FDA Approves New GlaxoSmithKline Vaccine Against Rotavirus

April 9, 2008
BioPharm International Editors

The US FDA announced on April 4, 2008, the approval of Rotarix, the second oral US licensed vaccine for the prevention of rotavirus, an infection that causes gastroenteritis (vomiting and diarrhea) in infants and children.

The US Food and Drug Administration announced on April 4, 2008, the approval of Rotarix, the second oral US licensed vaccine for the prevention of rotavirus, an infection that causes gastroenteritis (vomiting and diarrhea) in infants and children. Rotarix, manufactured by GlaxoSmithKline Biologicals (Rixensart, Belgium), is a liquid and given in a two-dose series to infants from six to 24 weeks of age.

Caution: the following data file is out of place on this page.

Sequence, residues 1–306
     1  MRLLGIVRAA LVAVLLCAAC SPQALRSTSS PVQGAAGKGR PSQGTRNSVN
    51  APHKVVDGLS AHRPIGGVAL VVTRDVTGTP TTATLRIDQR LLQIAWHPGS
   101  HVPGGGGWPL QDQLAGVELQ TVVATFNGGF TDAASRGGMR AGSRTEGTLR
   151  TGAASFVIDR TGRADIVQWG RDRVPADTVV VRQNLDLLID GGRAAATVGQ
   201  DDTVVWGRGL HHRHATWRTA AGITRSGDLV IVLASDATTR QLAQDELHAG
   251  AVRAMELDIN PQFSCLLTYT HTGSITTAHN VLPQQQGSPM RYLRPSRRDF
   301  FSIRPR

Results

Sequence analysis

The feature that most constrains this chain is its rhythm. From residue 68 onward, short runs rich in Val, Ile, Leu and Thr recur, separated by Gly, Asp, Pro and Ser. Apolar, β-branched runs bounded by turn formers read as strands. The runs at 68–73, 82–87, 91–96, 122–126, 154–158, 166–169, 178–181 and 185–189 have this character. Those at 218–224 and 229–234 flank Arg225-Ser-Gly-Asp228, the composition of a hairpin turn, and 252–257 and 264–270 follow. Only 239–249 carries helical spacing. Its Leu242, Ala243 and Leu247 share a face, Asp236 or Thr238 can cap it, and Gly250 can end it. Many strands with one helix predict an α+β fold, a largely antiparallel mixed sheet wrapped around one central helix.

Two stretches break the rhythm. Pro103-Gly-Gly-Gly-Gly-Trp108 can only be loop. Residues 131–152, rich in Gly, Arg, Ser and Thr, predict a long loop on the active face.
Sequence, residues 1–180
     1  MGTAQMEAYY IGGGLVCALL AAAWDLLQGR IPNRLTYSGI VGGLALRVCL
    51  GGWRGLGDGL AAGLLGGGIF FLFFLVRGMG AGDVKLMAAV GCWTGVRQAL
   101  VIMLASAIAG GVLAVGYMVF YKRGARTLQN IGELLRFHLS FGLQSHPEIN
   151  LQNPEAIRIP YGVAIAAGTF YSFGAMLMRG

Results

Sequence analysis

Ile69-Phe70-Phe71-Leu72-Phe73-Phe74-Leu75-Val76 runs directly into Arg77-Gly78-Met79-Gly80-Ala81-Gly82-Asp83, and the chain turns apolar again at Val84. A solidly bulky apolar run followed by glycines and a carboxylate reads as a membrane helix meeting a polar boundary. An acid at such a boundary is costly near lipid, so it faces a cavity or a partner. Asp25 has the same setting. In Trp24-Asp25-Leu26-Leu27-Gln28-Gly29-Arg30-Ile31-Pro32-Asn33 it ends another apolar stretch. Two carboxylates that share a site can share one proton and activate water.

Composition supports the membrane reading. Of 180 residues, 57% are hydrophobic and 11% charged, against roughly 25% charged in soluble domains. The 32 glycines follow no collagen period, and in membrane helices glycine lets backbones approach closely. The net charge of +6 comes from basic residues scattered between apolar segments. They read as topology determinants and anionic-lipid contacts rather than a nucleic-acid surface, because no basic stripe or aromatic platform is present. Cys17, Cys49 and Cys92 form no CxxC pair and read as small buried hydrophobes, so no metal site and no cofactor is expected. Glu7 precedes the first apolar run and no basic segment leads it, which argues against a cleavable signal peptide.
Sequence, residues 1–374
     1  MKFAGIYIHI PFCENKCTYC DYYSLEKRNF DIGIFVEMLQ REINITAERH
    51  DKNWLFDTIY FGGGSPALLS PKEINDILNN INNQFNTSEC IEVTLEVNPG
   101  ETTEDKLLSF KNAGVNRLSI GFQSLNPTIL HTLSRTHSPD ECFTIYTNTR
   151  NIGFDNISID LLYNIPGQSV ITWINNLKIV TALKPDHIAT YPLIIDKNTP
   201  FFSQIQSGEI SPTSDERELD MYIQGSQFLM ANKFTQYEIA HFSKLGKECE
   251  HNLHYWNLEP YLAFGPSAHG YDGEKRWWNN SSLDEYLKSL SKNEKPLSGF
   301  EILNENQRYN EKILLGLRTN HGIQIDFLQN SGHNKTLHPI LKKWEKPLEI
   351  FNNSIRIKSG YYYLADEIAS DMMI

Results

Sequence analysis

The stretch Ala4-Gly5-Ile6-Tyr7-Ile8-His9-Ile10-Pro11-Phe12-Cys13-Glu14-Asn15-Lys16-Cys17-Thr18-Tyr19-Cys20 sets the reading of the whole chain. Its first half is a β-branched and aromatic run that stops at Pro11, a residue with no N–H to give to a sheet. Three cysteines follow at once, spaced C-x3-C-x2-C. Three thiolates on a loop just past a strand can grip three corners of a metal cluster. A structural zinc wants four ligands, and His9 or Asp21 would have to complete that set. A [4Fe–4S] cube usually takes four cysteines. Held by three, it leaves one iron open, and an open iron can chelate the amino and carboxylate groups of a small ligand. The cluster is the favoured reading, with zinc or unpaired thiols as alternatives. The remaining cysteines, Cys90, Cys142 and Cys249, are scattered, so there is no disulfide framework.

Although the disease is usually self-limiting, rotavirus causes about 2.7 million cases of gastroenteritis in US children each year, about 55,000 to 70,000 of which require hospitalization. Of those, between 20 to 60 cases lead to death. Without vaccination, nearly every child in the United States would likely be infected at least once with rotavirus by age 5. During studies involving more than 24,000 infants, Rotarix was effective in preventing both severe and mild cases of rotavirus-caused gastroenteritis during the first two years of life.

There are many different strains of rotavirus. The vaccine protects against rotavirus gastroenteritis caused by the G1, G3, G4, and G9 strains.

GlaxoSmithKline release

Related Content:

News